home, cook yummy meals together, and divulge secret
dreams and goals. We have a pet cat named Denise and
the newest addition is Pete the praying mantis, which
is technically Hope's new roommate- they have a love-hate
relationship, he loves her and she hates him ...isn't
that always the way? Our flat is perched on a hill overlooking
the Indian Ocean. I half walk, half slide down a goat
trail between a tangle of palms and ferns, cross a little
creek, and walk through town to get to work each day.
Work consists either of going out
on one of the whale sharking boats or doing data entry
at the "office" (more of an ocean front shack
with some computers inside). It has taken me a while
to fully understand the nuances of whale sharking. I'll
save the details of our highly sophisticated research
procedures for a later update.
For now I have to recount my first
experience with one of these giant spotty creatures.
After getting the signal from Katie, the head honcho
volunteer, I enthusiastically flung myself off the boat,
splashed into the topaz water, and reeled about. After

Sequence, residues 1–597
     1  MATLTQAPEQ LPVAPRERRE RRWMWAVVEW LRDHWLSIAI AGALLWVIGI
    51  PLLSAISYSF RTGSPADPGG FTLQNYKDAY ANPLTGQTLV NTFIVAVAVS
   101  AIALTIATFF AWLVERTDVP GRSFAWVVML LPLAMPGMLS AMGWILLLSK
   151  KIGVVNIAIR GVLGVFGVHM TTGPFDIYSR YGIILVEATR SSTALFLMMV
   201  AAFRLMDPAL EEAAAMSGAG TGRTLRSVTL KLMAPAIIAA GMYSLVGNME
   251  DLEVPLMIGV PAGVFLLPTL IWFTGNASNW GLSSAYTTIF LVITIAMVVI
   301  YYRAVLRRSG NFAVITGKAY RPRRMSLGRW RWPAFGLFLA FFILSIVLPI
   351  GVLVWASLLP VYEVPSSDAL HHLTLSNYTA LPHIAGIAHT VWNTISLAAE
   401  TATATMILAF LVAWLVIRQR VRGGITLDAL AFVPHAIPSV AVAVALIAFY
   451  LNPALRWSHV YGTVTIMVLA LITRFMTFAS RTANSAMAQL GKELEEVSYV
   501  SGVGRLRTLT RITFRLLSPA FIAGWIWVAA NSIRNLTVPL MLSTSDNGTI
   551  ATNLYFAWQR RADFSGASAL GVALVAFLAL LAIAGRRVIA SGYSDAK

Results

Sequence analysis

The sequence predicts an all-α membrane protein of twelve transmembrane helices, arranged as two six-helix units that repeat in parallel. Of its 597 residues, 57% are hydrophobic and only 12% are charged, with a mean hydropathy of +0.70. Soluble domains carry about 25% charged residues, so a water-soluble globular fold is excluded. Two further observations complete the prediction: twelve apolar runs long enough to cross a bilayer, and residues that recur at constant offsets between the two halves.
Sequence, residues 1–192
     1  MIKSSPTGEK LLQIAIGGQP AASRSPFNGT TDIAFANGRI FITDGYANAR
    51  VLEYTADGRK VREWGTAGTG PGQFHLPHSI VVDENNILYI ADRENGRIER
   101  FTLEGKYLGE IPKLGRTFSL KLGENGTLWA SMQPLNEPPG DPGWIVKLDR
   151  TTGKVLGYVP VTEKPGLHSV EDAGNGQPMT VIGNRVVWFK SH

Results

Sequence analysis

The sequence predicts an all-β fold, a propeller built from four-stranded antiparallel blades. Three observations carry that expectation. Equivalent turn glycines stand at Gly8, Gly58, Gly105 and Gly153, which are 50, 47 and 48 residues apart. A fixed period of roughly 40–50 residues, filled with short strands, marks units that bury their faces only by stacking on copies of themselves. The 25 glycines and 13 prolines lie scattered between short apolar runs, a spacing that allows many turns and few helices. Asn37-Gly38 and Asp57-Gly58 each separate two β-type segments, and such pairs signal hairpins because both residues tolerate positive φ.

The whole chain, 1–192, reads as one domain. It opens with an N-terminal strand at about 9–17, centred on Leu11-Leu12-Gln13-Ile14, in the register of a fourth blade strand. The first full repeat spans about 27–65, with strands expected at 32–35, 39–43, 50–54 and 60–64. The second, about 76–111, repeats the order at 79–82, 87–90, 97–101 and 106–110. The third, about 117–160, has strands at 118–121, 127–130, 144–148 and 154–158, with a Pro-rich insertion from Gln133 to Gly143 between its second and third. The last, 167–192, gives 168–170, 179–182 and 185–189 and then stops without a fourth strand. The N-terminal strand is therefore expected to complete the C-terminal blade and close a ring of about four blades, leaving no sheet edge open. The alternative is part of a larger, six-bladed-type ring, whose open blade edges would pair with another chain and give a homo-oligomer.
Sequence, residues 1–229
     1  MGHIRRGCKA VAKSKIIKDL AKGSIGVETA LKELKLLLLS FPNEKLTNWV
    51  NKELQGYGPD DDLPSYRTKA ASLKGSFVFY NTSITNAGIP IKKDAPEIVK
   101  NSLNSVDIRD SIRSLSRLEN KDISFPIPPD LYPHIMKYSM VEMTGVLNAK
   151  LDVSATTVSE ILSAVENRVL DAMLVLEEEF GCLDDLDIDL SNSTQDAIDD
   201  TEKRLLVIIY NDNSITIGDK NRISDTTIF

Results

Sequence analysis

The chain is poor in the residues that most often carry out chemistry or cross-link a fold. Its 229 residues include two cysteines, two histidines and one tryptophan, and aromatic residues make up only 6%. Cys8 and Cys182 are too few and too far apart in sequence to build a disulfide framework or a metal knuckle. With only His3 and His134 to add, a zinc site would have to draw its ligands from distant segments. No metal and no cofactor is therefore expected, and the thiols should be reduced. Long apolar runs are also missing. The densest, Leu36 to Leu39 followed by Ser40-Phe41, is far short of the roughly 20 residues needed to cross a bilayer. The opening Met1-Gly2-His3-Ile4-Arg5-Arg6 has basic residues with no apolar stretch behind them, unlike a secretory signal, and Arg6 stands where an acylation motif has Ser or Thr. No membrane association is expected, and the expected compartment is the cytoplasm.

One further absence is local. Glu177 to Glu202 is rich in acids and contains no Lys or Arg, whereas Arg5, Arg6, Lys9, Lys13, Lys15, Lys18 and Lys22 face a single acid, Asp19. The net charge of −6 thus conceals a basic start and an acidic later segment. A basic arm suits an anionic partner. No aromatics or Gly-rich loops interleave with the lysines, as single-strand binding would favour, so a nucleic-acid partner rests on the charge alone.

doing a complete 180 on the lookout for something big,
I saw it- a four ton mass wearing a wide toothless grin
headed straight for me. Yes the whale shark was smiling,
they are similar to dolphins in that they always appear
to be happy.
As I was instructed to stay 3 meters
(or 9 feet in American) away from the shark, I began
doing backward arm circles and pedaling in reverse as
quickly as one can underwater. I never thought to turn
around and swim away- all I could do was stare at the
behemoth with my mouth hanging open. However, it became
clear very quickly that I was going to lose our game
of Chicken, so I finally broke my gaze and turned, nearly
missing a head on collision. In fact I started swimming
away in a series of circles, but I couldn't seem to
shake my new friend or enemy (at this point, I still
didn't know which it was).
Katie had told me that some of
the more curious sharks will play these sorts of games,
and that they are merely interested in the bubbles created
by a snorkeler's fins, but I preferred to imagine that
this shark just fancied me- that we had an instant bond.
I named him Albert and saw a beautiful future ahead